landscape is always important as a starting point, and even when the creative
modifications are carried out to the extreme degree, it is still important that
at least the “feeling of being there” should be apparent. The memory, the
ghost, the jolting recollection of the place should be felt.
Every landscape has a dominant characteristic, a
certain mood and an ambience. The challenge for the artist is to capture
this essence. This can be achieved in many ways, I prefer the following
approaches, loosely based on historical art movements:
impressionist - by focusing on the colour mix, the fine details and the
expressionist - by boldly capturing the dominant forms and shapes and utilise
the life-force energy residing in the place by intuitive action-painting
- by reducing the landscape to its basic essential elements and omitting all
unnecessary and distracting details
making - by focusing on the rhythm, patterns and texture of a place, for
example, by focusing on the minutia of close up details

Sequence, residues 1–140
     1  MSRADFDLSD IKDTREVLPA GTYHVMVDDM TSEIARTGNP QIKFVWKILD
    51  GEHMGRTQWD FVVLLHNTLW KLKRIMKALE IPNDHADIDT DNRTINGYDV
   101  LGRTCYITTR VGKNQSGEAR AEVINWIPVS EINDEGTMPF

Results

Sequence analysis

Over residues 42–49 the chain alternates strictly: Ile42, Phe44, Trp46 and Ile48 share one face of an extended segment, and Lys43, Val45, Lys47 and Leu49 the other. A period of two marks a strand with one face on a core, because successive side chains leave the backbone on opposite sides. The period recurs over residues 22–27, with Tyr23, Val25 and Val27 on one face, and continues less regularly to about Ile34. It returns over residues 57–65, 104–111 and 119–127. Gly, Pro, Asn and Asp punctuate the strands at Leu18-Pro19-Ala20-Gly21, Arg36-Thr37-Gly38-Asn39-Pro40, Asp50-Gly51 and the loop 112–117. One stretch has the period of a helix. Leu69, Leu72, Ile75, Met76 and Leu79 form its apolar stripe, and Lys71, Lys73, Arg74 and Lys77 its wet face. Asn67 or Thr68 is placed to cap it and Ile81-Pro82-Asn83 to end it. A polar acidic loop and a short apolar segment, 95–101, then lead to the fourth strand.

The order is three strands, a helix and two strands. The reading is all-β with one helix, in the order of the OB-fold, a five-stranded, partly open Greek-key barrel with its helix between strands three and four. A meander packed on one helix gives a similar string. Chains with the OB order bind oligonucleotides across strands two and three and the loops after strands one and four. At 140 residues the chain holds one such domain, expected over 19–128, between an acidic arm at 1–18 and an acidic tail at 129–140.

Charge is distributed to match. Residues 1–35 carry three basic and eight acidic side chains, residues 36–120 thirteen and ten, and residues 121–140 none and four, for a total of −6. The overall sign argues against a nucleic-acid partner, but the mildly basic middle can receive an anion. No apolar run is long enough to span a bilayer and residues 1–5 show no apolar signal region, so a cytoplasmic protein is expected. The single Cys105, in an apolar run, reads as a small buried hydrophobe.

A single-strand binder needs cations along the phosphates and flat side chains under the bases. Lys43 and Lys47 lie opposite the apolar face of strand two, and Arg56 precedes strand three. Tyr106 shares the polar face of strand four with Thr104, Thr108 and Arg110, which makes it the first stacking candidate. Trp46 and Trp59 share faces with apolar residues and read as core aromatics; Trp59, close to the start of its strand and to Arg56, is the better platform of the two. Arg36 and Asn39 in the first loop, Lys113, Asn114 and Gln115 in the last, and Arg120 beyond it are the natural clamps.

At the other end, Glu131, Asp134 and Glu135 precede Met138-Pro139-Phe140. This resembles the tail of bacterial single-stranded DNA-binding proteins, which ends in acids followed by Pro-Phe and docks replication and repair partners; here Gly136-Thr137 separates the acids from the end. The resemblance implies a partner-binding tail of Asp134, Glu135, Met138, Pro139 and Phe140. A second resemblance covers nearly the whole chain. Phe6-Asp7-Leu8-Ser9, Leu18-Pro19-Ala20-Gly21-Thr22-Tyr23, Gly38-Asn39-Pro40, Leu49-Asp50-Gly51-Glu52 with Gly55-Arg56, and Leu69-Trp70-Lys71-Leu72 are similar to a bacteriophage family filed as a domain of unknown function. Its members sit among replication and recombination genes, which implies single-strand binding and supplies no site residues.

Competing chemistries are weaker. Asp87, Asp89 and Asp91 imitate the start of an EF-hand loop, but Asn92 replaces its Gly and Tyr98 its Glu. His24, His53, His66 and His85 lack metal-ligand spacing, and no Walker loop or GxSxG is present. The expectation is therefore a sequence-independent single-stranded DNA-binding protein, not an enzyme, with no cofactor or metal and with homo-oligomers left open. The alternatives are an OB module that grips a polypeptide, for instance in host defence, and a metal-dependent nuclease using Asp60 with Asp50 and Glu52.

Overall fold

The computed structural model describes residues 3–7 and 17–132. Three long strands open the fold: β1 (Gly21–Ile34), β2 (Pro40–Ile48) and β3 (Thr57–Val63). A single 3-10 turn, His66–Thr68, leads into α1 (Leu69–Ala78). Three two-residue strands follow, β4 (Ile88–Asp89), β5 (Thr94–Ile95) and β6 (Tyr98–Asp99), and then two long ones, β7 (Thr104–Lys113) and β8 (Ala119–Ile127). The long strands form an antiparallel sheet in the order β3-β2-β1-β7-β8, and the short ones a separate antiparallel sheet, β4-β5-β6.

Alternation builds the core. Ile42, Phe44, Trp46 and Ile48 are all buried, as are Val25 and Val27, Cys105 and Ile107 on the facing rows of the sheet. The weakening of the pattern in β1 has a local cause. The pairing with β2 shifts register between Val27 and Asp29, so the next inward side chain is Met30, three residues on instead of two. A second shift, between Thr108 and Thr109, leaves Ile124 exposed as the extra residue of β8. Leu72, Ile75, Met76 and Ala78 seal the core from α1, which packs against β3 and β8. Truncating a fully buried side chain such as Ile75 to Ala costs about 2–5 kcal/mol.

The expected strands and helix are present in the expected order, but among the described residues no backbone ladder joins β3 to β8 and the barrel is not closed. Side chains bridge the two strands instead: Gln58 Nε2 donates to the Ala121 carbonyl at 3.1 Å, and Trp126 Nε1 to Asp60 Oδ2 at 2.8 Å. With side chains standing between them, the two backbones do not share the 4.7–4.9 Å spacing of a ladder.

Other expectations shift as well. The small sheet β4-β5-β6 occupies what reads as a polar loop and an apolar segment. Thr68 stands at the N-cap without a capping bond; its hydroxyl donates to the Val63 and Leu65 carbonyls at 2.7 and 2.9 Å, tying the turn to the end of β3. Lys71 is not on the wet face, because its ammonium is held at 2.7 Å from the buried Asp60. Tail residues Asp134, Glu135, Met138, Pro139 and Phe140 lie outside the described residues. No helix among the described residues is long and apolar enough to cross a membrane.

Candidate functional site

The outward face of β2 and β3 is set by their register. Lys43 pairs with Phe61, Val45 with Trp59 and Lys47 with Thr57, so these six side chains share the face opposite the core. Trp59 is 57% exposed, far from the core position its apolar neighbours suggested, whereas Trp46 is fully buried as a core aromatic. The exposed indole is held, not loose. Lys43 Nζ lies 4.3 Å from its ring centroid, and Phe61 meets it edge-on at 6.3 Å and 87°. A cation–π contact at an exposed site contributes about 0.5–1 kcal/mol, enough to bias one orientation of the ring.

fantasy - creating imaginary landscapes which express the artist’s mindset as
opposed to the reality of the visible world
I am sure there are also many other ways to come up with
original solutions. Landscapes have a generative power and presence which
inspire the mind and soul of visually sensitive artists. It is not unusual to
be carried away by the visual stimulation provided by exciting landscapes and
seascapes and take off on a journey of exploration.
For me, the adventure of Nature inspired new discoveries,
the stretching of the imagination and producing original artistic delights is
the most satisfying aspect of art making.
ABC TV broadcast a most interesting program late
last night: Herb and Dorothy - The Vogel Collection. It was about a New York
couple who started collecting modern "new" art more than 50 years ago and
amassed a quality collection.
Not being rich, they restricted their collection to
affordable art pieces. They nearly always selected prominent artists or upcoming